Doctor greeting patient
Patrick Ishmael

There are a lot of reasons health care costs in the United States continue to grow. One is that we don't really have a market for many of our health care products, and in important ways we are disincentivized to price shop. But another important factor is that much of what Americans consider health "insurance" nowadays is really mostly a maintenance agreement, not insurance. And often the most expensive features in those maintenance agreements are forced onto plans by state and federal officials

Imagine if cars had to be sold this way. Say that I just need a cheap car to get to work every day, but the law prevented dealerships from selling me a car without gold rims, tinted windows, and free oil changes for life—in other words, all the bells and whistles. My budget may be $5000 for the car, but the dealership may only be able to sell cars that start at $30,000 because of all the mandates. The result isn't that I end up getting the more expensive car with the mandated features—but that I might have to go without a car entirely.

That's the problem in American health care in a nutshell. Some people may find themselves overpaying for a product they don't want, and others may end up going without a product that they really need because it's so expensive.

There's a wrinkle in that health care paradigm, though. While longer-term insurance plans typically fall under the auspices of federal regulation and often have state coverage mandates tacked on, "short-term medical insurance" (or STM) can often sidestep the mandate layers and offer a product that is insurance first and a maintenance plan second, if at all.

That may sound a bit jarring if you're used to health insurance as maintenance, but imagine how much homeowner's insurance would cost if government required insurers to include a grass-mowing benefit, or if a car owner's insurance had to include an oil change benefit. STM generally avoids those additional costs by focusing  on the financial backstop that insurance is actually supposed to be.

Having greater latitude in finding a plan that fits your medical needs (and your budget) is an important step in fixing the health care cost problems we see in America today, and that's what one proposal from the House appears to offer. The legislation would expand the duration that an STM plan can last from six months to a year in Missouri, and it would also make clear that the STM plan a consumer might purchase is different from the insurance plans they might be used to. Specifically, the plans would have to state plainly in their documents that,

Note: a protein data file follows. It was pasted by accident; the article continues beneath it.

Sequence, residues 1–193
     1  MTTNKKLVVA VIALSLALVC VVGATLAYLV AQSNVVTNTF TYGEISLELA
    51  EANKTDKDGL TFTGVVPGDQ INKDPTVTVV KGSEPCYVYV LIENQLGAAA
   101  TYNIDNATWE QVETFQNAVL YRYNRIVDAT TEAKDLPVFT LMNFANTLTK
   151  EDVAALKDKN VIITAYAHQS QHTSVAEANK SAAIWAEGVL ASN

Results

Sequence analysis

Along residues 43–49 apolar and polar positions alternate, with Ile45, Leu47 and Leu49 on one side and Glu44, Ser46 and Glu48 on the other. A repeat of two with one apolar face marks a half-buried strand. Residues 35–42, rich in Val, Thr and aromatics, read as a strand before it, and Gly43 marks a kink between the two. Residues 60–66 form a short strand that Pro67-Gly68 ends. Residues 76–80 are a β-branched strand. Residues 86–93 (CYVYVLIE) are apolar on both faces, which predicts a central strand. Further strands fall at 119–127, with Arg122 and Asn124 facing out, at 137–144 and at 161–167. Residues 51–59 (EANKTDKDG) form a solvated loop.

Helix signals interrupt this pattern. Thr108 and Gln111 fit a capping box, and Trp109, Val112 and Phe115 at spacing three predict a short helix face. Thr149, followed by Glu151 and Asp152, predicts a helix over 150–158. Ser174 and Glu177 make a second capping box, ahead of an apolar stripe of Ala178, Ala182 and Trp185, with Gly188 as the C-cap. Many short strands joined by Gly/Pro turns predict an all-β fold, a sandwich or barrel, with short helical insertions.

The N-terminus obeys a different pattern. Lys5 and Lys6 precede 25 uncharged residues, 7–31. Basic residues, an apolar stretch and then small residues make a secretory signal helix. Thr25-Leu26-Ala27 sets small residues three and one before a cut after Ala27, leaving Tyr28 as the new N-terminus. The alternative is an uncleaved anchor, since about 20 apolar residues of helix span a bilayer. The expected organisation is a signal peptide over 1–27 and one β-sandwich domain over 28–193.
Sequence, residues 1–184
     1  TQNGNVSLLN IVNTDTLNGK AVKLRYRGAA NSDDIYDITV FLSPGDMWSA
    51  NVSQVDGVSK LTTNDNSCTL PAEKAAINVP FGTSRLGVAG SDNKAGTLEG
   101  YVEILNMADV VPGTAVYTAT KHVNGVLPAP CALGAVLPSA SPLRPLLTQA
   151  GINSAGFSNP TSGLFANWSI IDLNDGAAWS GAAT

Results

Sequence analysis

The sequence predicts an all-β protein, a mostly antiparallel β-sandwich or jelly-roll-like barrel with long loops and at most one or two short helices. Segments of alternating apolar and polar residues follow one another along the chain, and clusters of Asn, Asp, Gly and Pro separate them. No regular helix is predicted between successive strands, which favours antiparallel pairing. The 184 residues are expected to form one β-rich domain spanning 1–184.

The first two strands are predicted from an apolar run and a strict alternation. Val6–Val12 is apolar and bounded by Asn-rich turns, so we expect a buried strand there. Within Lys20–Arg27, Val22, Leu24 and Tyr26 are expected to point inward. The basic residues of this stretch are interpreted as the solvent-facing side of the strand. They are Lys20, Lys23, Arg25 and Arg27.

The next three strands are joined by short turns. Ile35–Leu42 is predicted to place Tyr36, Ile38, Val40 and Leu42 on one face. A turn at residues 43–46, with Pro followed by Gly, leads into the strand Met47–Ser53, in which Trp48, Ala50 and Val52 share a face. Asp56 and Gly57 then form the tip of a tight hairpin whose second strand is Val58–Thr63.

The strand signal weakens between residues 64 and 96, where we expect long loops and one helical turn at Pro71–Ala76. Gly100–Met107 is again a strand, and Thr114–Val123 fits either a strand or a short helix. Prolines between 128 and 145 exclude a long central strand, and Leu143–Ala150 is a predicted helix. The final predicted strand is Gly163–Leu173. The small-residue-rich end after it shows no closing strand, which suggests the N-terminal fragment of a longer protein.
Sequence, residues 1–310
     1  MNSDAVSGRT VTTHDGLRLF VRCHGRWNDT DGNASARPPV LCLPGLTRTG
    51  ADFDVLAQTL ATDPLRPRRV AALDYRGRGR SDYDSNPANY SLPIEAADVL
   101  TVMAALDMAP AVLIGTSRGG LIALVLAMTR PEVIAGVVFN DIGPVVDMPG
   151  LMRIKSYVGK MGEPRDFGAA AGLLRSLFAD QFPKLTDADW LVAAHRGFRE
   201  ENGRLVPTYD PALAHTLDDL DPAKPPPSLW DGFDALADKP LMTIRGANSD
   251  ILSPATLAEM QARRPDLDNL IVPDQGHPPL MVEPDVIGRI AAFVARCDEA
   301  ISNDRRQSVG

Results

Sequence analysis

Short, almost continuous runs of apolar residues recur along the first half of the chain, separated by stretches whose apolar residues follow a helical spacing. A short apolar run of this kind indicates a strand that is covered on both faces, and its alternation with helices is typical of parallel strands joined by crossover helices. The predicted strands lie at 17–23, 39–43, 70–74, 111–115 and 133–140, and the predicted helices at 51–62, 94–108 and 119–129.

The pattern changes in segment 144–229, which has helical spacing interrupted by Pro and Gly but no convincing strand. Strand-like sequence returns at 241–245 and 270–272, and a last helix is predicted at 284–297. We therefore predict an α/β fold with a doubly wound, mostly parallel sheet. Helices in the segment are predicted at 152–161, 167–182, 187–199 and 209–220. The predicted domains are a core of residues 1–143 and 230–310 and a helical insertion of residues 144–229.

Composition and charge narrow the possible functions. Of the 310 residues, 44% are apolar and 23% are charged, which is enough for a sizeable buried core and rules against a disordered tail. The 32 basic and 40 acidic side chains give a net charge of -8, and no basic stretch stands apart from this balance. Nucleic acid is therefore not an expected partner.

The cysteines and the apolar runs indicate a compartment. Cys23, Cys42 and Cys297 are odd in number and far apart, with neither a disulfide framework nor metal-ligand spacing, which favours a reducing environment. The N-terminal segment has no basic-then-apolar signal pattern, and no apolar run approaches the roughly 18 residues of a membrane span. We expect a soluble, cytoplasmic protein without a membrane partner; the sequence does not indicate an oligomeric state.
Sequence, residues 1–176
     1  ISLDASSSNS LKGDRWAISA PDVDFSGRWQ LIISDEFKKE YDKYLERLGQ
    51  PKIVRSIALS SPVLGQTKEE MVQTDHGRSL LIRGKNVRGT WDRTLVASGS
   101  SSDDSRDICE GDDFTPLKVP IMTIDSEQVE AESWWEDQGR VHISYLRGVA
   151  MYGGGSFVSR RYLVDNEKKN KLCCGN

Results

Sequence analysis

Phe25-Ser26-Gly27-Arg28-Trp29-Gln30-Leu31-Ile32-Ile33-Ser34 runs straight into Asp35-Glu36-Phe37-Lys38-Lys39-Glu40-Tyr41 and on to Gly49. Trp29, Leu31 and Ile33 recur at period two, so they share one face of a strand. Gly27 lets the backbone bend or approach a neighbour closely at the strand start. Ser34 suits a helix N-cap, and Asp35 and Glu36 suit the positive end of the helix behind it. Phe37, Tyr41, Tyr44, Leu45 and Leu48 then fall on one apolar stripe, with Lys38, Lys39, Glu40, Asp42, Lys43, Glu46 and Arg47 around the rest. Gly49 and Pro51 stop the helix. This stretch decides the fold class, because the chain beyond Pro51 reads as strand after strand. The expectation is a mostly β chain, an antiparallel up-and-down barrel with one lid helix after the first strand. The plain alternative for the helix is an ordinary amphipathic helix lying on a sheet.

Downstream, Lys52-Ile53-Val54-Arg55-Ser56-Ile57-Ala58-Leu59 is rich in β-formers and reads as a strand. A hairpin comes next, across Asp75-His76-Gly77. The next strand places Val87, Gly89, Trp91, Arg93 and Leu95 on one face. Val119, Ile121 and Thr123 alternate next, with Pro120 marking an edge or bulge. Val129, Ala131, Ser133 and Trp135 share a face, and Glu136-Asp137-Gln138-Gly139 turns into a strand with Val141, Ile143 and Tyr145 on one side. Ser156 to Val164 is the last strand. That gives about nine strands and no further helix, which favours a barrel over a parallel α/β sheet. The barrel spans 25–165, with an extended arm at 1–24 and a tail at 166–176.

This policy may not cover preexisting conditions, including conditions you may currently have and are unaware of but are not diagnosed until the policy's term. This policy may not cover certain essential health benefits, including prescription drugs, preventative care, and emergency services. Before you realize benefits under this policy, you may be responsible for a deductible and/or coinsurance. Be sure to discuss these items with your insurance broker before purchasing a short-term medical policy.

In other words, a consumer may not have every medical condition covered—the maintenance plan would be limited—but if they were hit by a bus, they'd have a financial backstop because they'd at least have the STM's insurance protecting them.

And as the name suggests, STM is generally used for shorter periods of time than more fully-featured health maintenance plans. Some people may need it to fill a temporary gap in employer-sponsored coverage, and others may prefer it as an alternative to vastly more expensive Obamacare plans, even though STM plans are "skinnier" in terms of benefits and were generally non-compliant for purposes of the mandate penalty

Expanding the scope of STM coverage would help to resolve both of the problems I articulated at the beginning of this blog post—the limited incentive to shop around for coverage, and the multi-layered onion of mandates—that drive up the cost of the average health "insurance" plan.

This STM expansion idea is an excellent one that helps to meet the needs of people who really want coverage but don't want or can't afford what the government is trying to impose on them. I hope the idea receives increasing attention as the session continues.

About the Author

Patrick Ishmael
Director of Government Accountability

Patrick Ishmael is the director of government accountability at the Show-Me Institute.